So, it was five long days. We did see quite a bit of the country, from our car, and there were those times when we were able to really enjoy ourselves. For example, after an infernally hot day in Parrita, on the Pacific coast, we took a 10 km long rutted dirt road (I swear I thought that the rear axle would break in half as our driver, Edwin, showed no mercy) to a small resort where the organizers had arranged for the entire race entourage to have lunch. Of course, whenever and wherever we got to the lunch or dinner table, everybody had already cleared out. We spent 1 1/2 hours on the beach, napping in hammocks, and listening to the palm trees in the wind. Now, that was more like it! On the way back to San Jose, with me already suffering from the runs that eventually hit much of the peloton and most of our team, we had an amazing encounter with river crocodiles on the Rio Grande de Tarcoles. The beasts were lying below us (who were safely standing on the highway bridge) and waiting for fish scum to be thrown by entrepreneurial locals or for one of the tourists to step too closely. Very, very intimidating, to be quite frank! Some of these things were 8 meters or about 24 feet long, and the Brahma cattle on the banks of the river kept their distance. I let the pics do the talking.

Most of our return trips from the race back to the hotel were punctuated by a quick stop at Pops, the local answer to Baskin Robbins. Carol is a definite ice cream junky, and her day wasn't 100% complete until she had two big scoops of something cool and delicious.
Inside the Pops ...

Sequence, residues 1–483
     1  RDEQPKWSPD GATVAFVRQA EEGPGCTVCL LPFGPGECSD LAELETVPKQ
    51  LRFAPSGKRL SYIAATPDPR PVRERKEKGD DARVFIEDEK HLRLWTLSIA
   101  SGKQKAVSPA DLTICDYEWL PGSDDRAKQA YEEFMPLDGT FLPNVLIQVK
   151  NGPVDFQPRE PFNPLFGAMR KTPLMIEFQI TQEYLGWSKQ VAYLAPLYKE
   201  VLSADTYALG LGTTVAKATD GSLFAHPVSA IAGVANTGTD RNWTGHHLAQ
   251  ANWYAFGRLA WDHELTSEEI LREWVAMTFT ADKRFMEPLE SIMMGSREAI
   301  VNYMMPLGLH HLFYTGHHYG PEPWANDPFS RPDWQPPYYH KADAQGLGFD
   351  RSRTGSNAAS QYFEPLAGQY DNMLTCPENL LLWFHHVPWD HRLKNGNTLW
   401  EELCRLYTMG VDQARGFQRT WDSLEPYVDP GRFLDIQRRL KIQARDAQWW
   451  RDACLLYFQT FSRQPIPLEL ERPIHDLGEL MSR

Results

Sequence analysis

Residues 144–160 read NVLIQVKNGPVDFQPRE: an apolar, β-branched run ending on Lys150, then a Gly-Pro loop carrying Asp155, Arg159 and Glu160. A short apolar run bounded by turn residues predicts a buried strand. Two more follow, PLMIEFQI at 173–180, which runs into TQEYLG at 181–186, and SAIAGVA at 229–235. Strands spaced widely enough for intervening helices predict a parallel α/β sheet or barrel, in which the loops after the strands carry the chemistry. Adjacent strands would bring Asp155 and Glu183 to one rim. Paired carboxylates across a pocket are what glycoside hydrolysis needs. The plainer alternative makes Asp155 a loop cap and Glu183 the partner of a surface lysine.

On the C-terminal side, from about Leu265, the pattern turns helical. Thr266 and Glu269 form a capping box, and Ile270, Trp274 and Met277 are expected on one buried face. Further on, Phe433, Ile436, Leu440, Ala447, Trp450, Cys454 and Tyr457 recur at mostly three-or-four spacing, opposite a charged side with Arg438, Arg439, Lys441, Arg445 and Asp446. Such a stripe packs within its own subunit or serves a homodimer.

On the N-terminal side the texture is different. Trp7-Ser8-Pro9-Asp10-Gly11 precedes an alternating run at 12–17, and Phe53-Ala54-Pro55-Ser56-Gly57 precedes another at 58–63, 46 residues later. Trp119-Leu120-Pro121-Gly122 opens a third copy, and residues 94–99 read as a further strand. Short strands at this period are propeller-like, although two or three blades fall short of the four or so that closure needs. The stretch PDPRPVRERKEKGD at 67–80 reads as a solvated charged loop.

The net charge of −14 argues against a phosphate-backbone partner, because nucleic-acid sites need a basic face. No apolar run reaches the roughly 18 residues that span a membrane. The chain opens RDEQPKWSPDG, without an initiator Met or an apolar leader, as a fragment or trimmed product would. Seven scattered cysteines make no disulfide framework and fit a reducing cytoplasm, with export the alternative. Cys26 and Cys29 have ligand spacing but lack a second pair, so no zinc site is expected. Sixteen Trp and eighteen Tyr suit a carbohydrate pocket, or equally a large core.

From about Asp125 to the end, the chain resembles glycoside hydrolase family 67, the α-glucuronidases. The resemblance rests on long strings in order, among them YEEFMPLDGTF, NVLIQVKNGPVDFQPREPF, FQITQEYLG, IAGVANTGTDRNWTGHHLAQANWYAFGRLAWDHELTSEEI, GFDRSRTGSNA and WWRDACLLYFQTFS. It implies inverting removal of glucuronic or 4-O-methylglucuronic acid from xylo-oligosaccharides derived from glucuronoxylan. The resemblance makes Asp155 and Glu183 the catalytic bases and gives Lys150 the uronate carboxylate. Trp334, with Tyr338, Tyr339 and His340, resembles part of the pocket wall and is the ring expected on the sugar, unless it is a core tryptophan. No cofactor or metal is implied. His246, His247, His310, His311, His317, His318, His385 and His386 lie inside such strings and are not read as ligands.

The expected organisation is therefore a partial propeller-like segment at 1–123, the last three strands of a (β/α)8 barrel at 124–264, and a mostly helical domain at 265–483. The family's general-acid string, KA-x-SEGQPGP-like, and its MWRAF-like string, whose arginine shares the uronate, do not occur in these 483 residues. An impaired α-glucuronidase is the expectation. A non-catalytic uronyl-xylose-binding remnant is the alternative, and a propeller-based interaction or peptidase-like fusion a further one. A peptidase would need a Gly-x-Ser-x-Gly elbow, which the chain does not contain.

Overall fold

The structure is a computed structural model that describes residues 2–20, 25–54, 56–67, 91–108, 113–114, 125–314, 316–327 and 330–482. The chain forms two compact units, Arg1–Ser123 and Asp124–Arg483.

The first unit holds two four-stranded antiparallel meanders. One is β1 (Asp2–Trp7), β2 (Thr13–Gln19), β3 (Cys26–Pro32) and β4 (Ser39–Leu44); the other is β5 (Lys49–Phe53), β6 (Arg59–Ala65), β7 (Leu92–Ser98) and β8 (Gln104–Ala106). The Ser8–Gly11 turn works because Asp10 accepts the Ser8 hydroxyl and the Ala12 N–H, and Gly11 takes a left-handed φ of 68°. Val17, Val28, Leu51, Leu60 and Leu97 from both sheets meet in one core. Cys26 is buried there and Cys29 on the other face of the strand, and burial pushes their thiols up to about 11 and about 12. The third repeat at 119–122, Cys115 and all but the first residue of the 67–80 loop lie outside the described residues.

... and with mobile ice cream vendors at the finish line
The last stage of the race was a circuit race around the old airport in San Jose, which was closed something like 60 years ago and converted into a beautiful park. Since it was an 8-lap race, Carol and I got a chance to drive along in one of the commissaire cars for the first two laps. Seeing the action from the inside of the peloton is always an exciting thing.
Before the start of the last stage in San Jose
The course led along beautiful tree-lined streets
The downhill sections were scary at best
After all of our work was done, our doctor, Tibisay, took us on an afternoon excursion to Irazu, the volcano outside of San Jose and Cartago, the old capital. It's quite a drive up to the top, which is almost 3,500 meters high. The volcano erupted the last time in the early 1960s, but now it is dormant. The gate to the caldera closes at 3:30 p.m., so we had to leave the car and walk the remaining mile, or so, but it certainly was worth it. I had been on top of Irazu a few years ago, when I was down here as a mountain bike commissaire, but the top was pretty much shrouded in clouds. But Sunday afternoon was perfect as high winds had cleared the atmosphere and everything looked crisp. There were clouds below us, and it felt like flying.
With the doctora and Carol
Part of the caldera
Amazing plants that have repopulated the volcano in the past 50 years
Just call it Scoliosis Ridge
Color in a hostile and alien world
And now it is Monday morning, and I am waiting for my old friend Rafael to pick me up for two more days of R&R. He is a mountain bike organizer, and before this race we had been in touch about getting together after my work was done. I have no idea what he has up his sleeve, so we will see. But knowing crazy Rafaelito, it will involve lots of Pura Vida!